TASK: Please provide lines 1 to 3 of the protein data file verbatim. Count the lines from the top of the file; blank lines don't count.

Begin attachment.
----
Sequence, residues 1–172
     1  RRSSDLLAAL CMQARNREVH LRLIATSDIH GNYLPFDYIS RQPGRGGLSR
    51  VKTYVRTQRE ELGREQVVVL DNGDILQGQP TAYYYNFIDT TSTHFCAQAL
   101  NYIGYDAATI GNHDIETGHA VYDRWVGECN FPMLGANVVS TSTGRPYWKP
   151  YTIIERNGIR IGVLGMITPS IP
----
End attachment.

Sequence, residues 1–172
     1  RRSSDLLAAL CMQARNREVH LRLIATSDIH GNYLPFDYIS RQPGRGGLSR
    51  VKTYVRTQRE ELGREQVVVL DNGDILQGQP TAYYYNFIDT TSTHFCAQAL